International TravelThings You Should Know


Romania map

It’s no secret that I regularly emphasize the importance of connecting with your hotel’s concierge.  These seasoned, well-trained professionals have one job: to find answers for guests’ requests. As soon as I have our flight information, I contact the hotel for transportation options.  If what they offer is too pricey, I will investigate other options. But it never fails to bring happiness upon a foreign-city arrival to have that issue resolved. It is so worth the cost.

For our arrival into Bucharest, I did just that.  The response from the Intercontinental Athenee was swift and informative.  Transportation booked just like that. But what happened beyond that is the big story here.

While much of this trip involves driving from city to city through central Europe (i.e., on our own), I was uncertain how to manage our time in Romania.  There is a great deal to see with the castles in the countryside, etc., that the idea of doing it on our own wasn’t ideal. Thus, I asked the concierge for guide recommendations.

Enter my now-bestie/miracle worker, Mr. Daniel Dumitru with the agency Romania on the Map.  Any concerns I might have had as to his English speaking skills (critical for the hubby to understand clearly) were quickly resolved as we communicated. This is a find.

The value of this connection quickly became clear. It was a cinch booking essentially 4 days with Daniel, including a half-day tour of Bucharest, then driving/guiding us along the way with overnights in Brasova and Sibiu before departing from Cluj-Napoca. We will see a lot.

The biggest benefit was this: Our scheduled flight was cancelled from Belgrade (Serbia) to Chisinau (Moldava) for an overnight, before flying to Bucharest for our stay. The flights offered for this area are skant. The solution: leave Belgrade a day earlier flying to Chisinau. Done. But there is just one daily flight now offered to Bucharest, and it is 5:30 — in the morning.  No thanks. I contacted Daniel. Not only did he graciously step in when I called “uncle” in dealing with Tarom (the Romanian airline) — he called them for me and executed flight refunds — but he is now DRIVING us from Chisinau to Bucharest.  Seven hours of comfort from point A to point B, more sightseeing, and actually costs less than that single flight.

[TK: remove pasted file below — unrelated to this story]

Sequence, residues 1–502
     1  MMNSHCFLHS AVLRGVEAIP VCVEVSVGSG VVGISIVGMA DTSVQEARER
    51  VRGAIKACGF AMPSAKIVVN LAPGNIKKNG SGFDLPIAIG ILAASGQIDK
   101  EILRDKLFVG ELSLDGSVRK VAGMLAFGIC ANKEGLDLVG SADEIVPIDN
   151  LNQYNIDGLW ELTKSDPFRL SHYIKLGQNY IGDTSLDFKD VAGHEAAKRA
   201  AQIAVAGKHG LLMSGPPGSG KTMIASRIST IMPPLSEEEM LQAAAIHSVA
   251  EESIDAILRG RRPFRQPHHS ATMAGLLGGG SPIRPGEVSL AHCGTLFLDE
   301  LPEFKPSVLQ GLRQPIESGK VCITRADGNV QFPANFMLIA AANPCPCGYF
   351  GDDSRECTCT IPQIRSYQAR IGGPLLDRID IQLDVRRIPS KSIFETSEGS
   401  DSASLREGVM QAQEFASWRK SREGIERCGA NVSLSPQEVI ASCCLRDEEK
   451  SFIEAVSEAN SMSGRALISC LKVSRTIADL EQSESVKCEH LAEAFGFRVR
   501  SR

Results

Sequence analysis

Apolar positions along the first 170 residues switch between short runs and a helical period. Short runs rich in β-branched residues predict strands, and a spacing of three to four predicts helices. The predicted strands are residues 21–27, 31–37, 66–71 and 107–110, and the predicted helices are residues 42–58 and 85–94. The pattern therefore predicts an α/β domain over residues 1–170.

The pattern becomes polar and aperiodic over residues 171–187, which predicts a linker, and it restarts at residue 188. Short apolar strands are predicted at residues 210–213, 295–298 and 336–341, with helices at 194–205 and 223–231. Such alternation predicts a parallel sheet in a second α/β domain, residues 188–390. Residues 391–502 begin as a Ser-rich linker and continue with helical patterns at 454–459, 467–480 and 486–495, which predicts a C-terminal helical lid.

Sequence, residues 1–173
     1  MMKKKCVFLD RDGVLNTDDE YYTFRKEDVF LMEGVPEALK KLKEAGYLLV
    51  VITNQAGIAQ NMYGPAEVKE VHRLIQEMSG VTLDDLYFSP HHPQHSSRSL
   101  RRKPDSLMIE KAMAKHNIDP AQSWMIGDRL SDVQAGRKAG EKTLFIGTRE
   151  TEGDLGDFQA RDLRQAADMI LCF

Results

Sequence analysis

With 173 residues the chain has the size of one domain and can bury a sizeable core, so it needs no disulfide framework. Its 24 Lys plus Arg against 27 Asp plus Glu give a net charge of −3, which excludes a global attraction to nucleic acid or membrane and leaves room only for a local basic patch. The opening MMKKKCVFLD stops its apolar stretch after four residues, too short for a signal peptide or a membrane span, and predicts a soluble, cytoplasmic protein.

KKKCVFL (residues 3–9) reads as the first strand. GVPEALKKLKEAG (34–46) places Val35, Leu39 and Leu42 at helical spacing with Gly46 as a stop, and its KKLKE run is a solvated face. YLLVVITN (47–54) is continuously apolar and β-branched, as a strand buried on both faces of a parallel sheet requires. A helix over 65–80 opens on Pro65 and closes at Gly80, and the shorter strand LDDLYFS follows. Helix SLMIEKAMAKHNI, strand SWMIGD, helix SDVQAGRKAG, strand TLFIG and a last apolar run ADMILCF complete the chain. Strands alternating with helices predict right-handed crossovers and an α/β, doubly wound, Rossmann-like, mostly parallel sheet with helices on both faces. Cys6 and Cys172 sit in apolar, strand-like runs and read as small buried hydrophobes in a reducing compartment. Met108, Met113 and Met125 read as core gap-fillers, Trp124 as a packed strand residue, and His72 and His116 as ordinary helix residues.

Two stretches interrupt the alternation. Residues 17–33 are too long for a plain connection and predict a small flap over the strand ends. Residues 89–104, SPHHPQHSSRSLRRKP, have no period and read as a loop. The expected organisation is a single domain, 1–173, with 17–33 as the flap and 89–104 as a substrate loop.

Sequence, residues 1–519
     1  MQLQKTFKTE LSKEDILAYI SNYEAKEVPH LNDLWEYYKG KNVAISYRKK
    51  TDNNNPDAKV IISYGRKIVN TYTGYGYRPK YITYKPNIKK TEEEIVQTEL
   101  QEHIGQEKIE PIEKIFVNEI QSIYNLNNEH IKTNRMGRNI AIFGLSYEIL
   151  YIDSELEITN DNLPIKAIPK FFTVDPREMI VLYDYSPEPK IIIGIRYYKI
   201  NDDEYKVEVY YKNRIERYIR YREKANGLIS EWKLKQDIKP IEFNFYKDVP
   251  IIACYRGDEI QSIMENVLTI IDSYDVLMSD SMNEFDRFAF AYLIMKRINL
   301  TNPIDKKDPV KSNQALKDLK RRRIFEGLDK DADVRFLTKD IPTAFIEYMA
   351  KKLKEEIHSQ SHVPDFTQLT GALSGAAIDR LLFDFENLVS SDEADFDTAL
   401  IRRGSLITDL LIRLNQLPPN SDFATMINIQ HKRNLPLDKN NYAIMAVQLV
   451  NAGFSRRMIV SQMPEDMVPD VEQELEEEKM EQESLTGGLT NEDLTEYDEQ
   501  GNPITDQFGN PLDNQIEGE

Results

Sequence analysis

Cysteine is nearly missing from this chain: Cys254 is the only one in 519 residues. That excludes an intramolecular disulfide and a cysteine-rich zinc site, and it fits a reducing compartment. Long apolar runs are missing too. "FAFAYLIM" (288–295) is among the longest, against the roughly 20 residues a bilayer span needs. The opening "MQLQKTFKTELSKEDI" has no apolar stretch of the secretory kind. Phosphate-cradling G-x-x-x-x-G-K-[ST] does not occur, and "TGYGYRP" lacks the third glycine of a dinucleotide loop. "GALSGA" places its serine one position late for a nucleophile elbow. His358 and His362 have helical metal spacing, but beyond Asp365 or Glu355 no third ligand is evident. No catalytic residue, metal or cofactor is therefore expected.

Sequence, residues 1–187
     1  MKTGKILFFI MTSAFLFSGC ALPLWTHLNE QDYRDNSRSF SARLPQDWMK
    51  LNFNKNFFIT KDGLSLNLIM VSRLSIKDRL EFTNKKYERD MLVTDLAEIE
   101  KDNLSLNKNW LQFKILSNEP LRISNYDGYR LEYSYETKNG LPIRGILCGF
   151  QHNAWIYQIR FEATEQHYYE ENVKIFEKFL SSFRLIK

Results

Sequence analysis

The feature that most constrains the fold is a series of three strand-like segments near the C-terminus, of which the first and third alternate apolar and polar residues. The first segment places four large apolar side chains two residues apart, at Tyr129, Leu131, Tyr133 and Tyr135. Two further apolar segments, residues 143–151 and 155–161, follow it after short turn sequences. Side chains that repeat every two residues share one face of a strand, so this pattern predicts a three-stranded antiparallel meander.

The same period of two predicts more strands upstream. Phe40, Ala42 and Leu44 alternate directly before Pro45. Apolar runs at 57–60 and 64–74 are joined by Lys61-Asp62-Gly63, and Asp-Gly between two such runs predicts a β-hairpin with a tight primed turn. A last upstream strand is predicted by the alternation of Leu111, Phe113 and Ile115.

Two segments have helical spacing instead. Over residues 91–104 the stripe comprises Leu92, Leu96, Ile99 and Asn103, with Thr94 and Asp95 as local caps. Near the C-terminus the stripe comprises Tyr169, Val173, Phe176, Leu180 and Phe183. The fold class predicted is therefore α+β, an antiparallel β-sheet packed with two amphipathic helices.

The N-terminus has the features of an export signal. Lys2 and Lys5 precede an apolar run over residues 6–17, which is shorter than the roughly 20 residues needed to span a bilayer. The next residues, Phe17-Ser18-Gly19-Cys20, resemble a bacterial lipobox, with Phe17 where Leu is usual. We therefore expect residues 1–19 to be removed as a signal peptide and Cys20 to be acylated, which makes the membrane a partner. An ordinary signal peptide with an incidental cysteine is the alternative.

So that one single request to the Bucharest concierge for guide recommendations indeed yielded BIG benefits. Ask away.

International TravelThings I LoveThings You Should Know


london 29

An 8-day stay in London provides so much time to do and see, a second post is necessary to cover all our activities. This is in addition to the one covering Wimbledon (HERE), and the side trips covered in the previous post (HERE).  With just four remaining days, a lot of ground was yet to cover.  And here you go:

Not knowing how peppy we might be from Friday at Wimbledon, Saturday plans were open. A last- minute decision to acquire theater tickets was an unplanned but deliciously enjoyable afternoon!  First, a random choice for Vietnamese food near the theater was one of those “scores” — amazing food! Next, seeing Crazy for You, a revival directed and choreographed by Susan Stroman, was just a marvelous experience. Gershwin’s “I’ve Got Rhythm” and “Nice Work if You Can Get It” had us smiling (and singing along) throughout. At the Gillian Lynne Theater now though January 2024, I highly recommend it if you have the opportunity.